This article was written by Dr. Rose Mary Busto for the 4th issue of Amrita Magazine.
What do you imagine when you think of Yoga therapy? Is it men in white coats? Or maybe you see yourself on a couch pouring out your worries to a sympathetic ear.
In fact, the International Association of Yoga Therapists defines it as “the application of Yogic principles to a particular person with the objective of achieving a particular spiritual, psychological, or physiological goal.” And everyone who experiences it has a different expectation and result from it.
The word “therapy” comes from the Greek therapeia: “curing” or “healing.” But it only came into common usage in 1846, a period when great advances in sanitation, medication and hospitalisation were taking place in Victorian England. It is, therefore, a relatively recent phenomenon in modern times
So how did therapeia become entwined with Yoga? Some of the earliest prescriptions for good health come from the Carakasaṃhitā (400-200 BCE): “The use of good food is one cause of the growth of a person, and the use of bad food is a cause of diseases” (1.1.15, 33-34).
Ayurvedic principles have always been part and parcel of Yogic culture and philosophy, and they are accepted by most practitioners as part of their lifestyle. Yet, by the beginning of the twentieth century, advances in nutrition, medication and sanitation meant that such ideas were regarded as unscientific. Coupled with a deep-rooted Western distrust of “the yogi of the woods and wilds, whose dirt accumulates with his sanctity,” this meant that “alternative” methods were marginalised and practised only by a few “eccentrics.”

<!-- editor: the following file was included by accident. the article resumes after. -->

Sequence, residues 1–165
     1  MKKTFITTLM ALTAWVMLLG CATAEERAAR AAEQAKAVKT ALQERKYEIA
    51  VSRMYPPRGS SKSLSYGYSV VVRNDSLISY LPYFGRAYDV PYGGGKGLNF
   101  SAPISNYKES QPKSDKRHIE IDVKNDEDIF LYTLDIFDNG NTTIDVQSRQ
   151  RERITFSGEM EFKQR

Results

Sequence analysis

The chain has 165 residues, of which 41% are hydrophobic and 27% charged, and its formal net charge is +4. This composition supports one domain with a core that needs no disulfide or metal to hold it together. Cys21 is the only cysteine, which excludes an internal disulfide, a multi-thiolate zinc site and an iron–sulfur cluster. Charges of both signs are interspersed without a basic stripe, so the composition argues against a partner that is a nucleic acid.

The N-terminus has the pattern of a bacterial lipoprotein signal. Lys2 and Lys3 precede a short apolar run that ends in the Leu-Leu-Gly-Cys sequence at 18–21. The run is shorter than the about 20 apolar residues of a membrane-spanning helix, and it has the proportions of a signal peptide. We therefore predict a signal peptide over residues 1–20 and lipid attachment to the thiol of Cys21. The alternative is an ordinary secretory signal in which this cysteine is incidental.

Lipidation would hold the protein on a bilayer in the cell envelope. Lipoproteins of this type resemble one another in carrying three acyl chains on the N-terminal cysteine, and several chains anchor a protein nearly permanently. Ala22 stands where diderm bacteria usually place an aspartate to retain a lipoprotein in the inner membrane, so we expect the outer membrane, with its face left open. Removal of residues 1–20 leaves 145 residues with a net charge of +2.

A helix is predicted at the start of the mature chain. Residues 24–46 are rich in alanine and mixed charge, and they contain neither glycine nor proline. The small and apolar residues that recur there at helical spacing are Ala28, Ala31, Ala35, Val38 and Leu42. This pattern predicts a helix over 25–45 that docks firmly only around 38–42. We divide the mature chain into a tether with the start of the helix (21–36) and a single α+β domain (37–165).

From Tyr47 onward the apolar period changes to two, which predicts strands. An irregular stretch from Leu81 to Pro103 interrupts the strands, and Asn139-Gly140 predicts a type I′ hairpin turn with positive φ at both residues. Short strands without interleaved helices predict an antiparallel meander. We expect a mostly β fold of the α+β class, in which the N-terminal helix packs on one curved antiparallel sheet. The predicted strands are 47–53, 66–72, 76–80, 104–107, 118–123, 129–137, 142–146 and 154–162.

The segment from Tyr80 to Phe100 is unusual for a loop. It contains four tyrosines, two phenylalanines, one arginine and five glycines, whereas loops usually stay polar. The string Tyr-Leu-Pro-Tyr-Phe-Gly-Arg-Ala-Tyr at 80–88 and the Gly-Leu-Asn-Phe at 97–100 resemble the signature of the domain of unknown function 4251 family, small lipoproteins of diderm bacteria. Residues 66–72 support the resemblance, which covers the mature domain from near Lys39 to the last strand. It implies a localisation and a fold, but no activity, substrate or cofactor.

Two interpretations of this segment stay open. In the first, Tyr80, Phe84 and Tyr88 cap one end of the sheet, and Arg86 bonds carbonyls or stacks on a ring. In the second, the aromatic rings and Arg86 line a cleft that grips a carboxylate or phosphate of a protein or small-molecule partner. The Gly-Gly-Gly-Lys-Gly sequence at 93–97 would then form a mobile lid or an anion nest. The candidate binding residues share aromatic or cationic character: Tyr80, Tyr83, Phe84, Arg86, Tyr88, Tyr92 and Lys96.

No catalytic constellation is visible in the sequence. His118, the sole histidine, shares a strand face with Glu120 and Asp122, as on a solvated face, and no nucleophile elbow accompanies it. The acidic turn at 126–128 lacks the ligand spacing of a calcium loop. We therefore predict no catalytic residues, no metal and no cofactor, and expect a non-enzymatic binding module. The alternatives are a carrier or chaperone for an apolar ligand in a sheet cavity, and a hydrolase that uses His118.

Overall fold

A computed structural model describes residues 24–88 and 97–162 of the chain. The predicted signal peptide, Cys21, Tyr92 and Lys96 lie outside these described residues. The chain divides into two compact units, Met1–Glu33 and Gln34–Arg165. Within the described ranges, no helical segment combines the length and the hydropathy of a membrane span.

With Swami Vivekanada’s arrival at the World Parliament of Religions in Chicago in 1893, Yoga experienced something of a renaissance. But even he was aware of the inherent prejudice again Yogic practices- so much so that he dismissed the bodily practices of hāṭha yoga as “mere physical…and queer breathing exercises. The sanitised version of rāja yoga which he presented to his largely female, middle-class audience was far removed from its origins in ritual copulation between a man and a willing (often Outcaste) woman. His was “the science of religion, the rationale of all worship, all prayers, forms, ceremonies and miracles” and, as such, could only be reached by “the discipline of the mind.” [my italics].
In 1924, Swami Kulvayananda founded his Kaivalyadhama Yoga Ashram, a centre for the treatment of ailments. His intention was to align the therapeutic application of Yoga with modern, rational, scientific principles, thus hopefully paving the way for its widespread acceptance. The shift from Yoga as a tool for liberation to a forum for physiological, anatomical and therapeutic study worried even its most prominent advocates. Frequently photographed in his white coat, wearing a stethoscope while barefoot, Swami Śivananda, who had trained as a doctor himself, embodied the perfect synthesis of East and West that the new scientific Yoga stood for. Yet even he was alarmed at the way it was developing. As the kriyās of the Haṭhapradīpikā were reduced to a regime of water enemas, eye washes and nasal flushes, something was being lost. Students who dedicated themselves to the medical application of Yoga were losing their faith and “neglect[ing] Dharma” “under the influence of Science.”